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Programming Enigma Puzzles

4 October 2014

Posted by on **From New Scientist #2447, 15th May 2004** [link]

I have constructed a cyclical chain of 3-digit numbers, where each number starts with the digit (which is never 0) that was the last digit of the previous number in the chain, and the numbers in the chain are alternately perfect squares and triangular numbers.

The chain consist of as many numbers as is possible, consistent with the requirements outlined above and the stipulation that no number may appear in it more than once.

How many numbers are there in the chain?

**Note:** I am still waiting for a phone line to be connected at my new house, so I only have sporadic access to the internet at the moment.

[enigma1289]

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This Python code runs in 239ms.

Solution:There are 14 numbers in a maximal length chain.Here’s an example chain of length 14: (121, 105, 529, 903, 324, 406, 676, 666, 625, 528, 841, 153, 361, 171).

Because the chain must form a closed loop of alternating squares and triangular numbers the solution can only be a chain with even length.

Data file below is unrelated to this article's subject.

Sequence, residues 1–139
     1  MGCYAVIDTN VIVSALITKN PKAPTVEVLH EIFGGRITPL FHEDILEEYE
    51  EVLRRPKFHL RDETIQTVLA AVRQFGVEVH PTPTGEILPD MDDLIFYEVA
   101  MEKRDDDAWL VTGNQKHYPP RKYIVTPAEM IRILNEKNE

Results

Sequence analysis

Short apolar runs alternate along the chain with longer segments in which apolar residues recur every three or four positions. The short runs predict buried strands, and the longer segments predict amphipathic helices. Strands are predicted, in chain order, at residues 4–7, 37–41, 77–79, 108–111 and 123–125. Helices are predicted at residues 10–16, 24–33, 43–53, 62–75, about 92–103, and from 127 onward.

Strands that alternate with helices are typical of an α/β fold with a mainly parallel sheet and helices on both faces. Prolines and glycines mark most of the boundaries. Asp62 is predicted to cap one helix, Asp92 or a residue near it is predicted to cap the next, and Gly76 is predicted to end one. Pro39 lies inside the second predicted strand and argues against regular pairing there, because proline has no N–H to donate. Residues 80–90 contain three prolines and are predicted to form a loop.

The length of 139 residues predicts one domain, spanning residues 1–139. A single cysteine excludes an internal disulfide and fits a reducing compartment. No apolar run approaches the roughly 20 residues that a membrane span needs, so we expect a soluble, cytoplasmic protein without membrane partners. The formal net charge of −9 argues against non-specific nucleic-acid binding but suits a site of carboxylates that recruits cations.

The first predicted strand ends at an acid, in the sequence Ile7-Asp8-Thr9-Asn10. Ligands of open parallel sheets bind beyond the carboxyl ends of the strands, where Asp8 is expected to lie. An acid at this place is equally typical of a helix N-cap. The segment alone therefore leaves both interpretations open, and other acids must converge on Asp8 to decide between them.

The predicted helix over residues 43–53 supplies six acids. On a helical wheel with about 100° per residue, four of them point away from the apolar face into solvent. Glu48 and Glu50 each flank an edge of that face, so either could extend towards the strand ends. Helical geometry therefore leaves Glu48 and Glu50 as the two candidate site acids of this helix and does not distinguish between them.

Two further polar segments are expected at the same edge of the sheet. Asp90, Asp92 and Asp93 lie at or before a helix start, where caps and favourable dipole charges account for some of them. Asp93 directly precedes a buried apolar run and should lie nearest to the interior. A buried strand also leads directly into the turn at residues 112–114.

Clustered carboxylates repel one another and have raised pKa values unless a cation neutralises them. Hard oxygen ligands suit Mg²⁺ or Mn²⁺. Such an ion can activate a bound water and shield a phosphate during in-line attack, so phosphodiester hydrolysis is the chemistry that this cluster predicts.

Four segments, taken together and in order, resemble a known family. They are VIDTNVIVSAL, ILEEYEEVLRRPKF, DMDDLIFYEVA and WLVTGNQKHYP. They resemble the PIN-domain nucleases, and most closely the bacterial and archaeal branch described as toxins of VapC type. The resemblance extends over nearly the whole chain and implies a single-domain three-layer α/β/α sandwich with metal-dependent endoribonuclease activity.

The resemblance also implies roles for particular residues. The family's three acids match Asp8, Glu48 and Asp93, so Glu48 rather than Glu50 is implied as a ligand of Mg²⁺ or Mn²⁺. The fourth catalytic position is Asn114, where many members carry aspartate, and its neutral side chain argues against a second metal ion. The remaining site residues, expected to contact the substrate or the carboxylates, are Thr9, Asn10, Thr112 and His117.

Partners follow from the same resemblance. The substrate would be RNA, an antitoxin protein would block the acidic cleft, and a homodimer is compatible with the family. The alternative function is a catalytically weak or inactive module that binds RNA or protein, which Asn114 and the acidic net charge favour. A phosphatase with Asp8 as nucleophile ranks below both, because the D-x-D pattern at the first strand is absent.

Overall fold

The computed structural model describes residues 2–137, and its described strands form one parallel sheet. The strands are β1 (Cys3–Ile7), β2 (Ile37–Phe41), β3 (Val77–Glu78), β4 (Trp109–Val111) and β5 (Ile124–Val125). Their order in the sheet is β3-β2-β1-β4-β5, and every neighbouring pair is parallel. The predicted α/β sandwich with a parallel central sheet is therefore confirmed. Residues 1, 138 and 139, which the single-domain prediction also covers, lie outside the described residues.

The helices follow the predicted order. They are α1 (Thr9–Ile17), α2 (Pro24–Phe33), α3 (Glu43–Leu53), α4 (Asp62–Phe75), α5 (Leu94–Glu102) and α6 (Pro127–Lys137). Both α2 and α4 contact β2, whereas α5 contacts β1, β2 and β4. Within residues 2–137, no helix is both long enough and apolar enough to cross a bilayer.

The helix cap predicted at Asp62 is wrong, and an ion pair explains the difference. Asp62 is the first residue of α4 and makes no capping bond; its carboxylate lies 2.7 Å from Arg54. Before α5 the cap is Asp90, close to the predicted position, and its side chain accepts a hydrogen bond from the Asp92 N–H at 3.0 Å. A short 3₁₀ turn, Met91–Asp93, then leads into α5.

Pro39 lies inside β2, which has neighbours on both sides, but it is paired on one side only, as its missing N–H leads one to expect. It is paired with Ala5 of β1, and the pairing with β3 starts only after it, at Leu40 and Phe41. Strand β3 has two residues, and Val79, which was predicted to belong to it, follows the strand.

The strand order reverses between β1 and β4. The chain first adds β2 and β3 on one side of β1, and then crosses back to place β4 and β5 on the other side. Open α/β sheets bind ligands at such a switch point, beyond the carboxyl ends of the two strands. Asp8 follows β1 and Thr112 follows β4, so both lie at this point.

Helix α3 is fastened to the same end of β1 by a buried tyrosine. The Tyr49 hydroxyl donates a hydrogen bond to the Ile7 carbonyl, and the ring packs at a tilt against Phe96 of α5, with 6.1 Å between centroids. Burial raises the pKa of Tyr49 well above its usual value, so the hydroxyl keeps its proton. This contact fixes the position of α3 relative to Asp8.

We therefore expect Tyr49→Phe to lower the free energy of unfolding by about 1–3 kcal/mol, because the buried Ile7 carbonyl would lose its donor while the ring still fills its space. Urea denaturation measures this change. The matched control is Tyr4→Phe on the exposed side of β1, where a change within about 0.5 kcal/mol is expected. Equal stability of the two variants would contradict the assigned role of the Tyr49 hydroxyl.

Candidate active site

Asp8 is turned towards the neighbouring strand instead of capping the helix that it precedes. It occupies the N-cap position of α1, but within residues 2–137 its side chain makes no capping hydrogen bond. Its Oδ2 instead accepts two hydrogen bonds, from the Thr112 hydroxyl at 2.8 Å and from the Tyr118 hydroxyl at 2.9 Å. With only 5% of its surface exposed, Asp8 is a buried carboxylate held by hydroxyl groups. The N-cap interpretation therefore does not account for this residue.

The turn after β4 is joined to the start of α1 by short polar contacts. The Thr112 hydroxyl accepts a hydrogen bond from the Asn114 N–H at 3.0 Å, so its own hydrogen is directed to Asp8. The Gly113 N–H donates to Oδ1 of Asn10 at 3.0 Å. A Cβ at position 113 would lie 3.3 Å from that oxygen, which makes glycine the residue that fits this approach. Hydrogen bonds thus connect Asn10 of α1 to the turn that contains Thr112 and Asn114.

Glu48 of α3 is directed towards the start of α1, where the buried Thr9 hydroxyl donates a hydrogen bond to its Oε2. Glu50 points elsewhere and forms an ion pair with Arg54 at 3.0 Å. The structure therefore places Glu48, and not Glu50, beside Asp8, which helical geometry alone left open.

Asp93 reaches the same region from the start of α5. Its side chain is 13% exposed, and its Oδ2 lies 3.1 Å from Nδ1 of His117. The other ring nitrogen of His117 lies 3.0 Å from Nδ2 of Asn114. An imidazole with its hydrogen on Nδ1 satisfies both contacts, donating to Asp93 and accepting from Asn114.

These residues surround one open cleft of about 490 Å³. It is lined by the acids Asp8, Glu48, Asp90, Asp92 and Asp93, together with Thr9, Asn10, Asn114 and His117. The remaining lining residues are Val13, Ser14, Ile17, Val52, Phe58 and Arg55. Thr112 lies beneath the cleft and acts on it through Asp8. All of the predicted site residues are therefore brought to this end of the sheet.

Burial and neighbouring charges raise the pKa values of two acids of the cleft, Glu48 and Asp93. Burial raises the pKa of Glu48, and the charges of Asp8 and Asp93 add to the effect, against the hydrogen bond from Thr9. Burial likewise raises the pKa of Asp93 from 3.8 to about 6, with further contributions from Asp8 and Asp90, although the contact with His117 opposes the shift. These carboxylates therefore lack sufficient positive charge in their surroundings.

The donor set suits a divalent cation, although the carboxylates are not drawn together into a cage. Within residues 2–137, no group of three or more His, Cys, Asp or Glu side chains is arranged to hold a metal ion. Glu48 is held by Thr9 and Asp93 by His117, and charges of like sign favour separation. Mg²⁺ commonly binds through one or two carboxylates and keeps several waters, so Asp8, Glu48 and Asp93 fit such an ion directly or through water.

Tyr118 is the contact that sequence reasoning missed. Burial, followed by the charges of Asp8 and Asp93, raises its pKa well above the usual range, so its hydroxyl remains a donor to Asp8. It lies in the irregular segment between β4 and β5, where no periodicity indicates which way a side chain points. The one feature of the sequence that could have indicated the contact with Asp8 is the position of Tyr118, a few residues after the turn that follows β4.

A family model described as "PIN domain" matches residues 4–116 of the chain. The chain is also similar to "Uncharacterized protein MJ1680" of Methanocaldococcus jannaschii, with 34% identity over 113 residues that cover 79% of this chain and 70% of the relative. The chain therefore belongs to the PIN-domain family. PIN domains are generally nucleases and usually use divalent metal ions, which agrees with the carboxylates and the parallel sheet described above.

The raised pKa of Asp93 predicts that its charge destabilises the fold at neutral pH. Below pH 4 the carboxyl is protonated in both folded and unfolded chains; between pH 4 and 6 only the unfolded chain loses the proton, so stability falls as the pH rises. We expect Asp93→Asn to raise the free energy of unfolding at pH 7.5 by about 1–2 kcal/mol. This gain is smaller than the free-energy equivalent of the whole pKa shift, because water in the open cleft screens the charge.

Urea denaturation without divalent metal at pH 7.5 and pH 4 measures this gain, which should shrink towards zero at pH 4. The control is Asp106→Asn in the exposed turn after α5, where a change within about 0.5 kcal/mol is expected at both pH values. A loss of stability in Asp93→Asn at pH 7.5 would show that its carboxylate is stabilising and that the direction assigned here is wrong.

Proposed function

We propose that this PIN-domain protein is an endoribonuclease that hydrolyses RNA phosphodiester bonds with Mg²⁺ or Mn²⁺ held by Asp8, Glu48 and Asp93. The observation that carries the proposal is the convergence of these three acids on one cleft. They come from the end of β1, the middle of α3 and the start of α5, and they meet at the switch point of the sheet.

But we can find longer sequences with alternating squares and triangular numbers that are of odd length, but when formed into a closed loop two numbers of the same type will be next to each other.

Here’s an example chain of length 17: (561, 144, 496, 676, 666, 625, 528, 841, 171, 121, 153, 361, 105, 529, 903, 324, 465).

When formed into a loop 561 = T(33) and 465 = T(30) will be adjacent.

I wish to challenge the meaning of “cyclical chain”. To me it means following a predetermined cycle (i.e. alternate squares and triangular numbers), not that it has to be “circular”. Anyway, I got a chain 19 numbers long, beginning and ending with triangular numbers – 225 – 528 – 841 – 171 – 121 – 105 – 529 – 946 – 676 – 666 – 625 – 561 – 169 – 903 – 361 – 153 – 324 – 465 – 576. Happy days! (8 October 2014)

The published solution was that there were 14 numbers in the chain, so I think the setter was intending the numbers to be formed into a circle. They probably could have been a bit more explicit in the problem statement.

If you relax the conditions so you’re just looking for an alternating sequence (that doesn’t have to form a closed loop) then 19 is indeed the maximal length you can achieve.